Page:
Photo Lesson Overview on

CGIPix is an observation that Nikon, Canon and the rest no longer make cameras,
they make computers that you can attach a lens to.
Here is a basic overview of what it takes to create good, better or best pictures, you decide how much effort you want to put into your pictures.

The basics of using natural lighting:

Natural Lighting

Lighting is made up of three components,color, direction and intensity. The color is the warm red or cool blue cast of the lighting. The direction is front, back, side or diffused lighting, or a combination of them using reflectors or flash. The intensity is dependent on sun, clouds and time of day. It does no good to have a perfect glow of evening lighting, and take a picture of someone using back lighting. Their face is dark, and there is a bright sky behind them. If you use a flash, along with the back lighting of the sky, then you have an interesting photo. Reflectors are a good way to use natural lighting, and create a combination of lighting directions. The sun is the main frontal lighting, and the reflector provides a soft fill lighting from the side.

Using Natural Light Effectively
The first step is to analyze the light that you have.
What is the intensity/brightness of the light?
What is the color of the light?
What is the direction of the light?

If it's a sunrise or sunset, the intensity is low, the color is very warm (red or orange), and the direction can be low front or back lighting.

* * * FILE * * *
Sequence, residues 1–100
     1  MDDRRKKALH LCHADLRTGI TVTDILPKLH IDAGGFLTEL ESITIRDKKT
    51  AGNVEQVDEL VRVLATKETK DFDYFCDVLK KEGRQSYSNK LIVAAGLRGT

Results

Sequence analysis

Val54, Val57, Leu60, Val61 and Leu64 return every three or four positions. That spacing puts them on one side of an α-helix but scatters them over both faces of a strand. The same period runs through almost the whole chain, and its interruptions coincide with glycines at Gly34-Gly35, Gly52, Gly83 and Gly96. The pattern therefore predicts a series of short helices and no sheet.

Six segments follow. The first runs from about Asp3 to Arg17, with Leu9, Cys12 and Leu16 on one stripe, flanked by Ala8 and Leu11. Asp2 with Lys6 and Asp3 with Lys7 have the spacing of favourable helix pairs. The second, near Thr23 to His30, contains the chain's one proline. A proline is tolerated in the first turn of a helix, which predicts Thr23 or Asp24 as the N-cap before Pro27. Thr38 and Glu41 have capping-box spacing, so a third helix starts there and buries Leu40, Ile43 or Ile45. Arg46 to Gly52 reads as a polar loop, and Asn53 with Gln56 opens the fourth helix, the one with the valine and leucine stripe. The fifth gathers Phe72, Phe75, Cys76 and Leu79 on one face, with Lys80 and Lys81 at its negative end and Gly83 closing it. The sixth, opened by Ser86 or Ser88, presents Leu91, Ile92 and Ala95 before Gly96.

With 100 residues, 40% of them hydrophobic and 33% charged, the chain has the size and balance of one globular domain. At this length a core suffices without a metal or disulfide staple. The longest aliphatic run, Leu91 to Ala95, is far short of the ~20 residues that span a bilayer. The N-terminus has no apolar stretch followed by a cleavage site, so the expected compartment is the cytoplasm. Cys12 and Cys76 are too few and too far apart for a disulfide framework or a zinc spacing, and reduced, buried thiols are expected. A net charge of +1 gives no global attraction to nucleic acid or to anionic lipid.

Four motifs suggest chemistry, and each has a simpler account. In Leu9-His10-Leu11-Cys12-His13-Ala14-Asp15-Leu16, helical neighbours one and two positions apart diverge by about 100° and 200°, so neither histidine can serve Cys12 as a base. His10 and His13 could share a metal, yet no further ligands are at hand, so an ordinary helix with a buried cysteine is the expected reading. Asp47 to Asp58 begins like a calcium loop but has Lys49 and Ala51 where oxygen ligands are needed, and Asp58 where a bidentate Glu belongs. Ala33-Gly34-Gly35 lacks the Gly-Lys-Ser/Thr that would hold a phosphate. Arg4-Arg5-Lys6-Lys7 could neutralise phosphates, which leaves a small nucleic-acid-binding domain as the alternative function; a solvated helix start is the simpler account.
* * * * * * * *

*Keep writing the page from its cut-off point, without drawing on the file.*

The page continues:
This determines the style of picture that you can best take for the available lighting.
If you are taking pictures of people, then use the warm glow of the sun to in direct frontal lighting to take dramatic shots.
For landscapes, you can either use front, side or back lighting, depending on the effects desired. The setting or rising sun is the classic back lit photograph. Your main light source is directly in front of you, causing everything to be silhouetted. Not very flattering for portraits, but incredible for landscapes. You can use the setting or rising sun as a direct front lighting, capturing a deeper red color in the landscapes.

Here's the classic sunset picture, orange color to the sky, silhouetting the entire foreground.

In this shot, the setting sun was directly behind, giving the already red colored rocks an extra glow from the warm light of the sun.
If it's noontime on a cloudless day, the intensity is very high, the color is cool (blue), and the direction is directly overhead.

Very few great photographs are taken at noon. You can take a good picture, where everything is composed well, exposed properly, and it just won't have the same impact as if that picture was taken at sunrise or sunset. The best things to shoot during harsh lighting are things such as flowers or animals. Flowers can be shot from above, giving them a direct lighting effect, and with animals, just having wildlife in the shot is enough to add a dramatic effect to the photo. Taking pictures of people at noon is not very good, as the shadows are harsh, and the lighting is cool.

This picture was taken in the afternoon. The lighting would be bad for people or most landscapes, but having a hummingbird in a hovering position is enough to overcome less than ideal lighting situations.
If it's a cloudy day, the intensity is low, the color is very cool (blue), and the direction is diffused.

A cloudy day can create much better images at noontime than a sunny day. There are no harsh shadows, and landscapes will take on an even lighting. Portraits are also good with an overcast, especially if you use a slight amount of fill flash to make the subject stand out from the background.

Here is a shot taken on a snowy day. There are no shadows, and the entire scene has a nice soft lighting quality to it.
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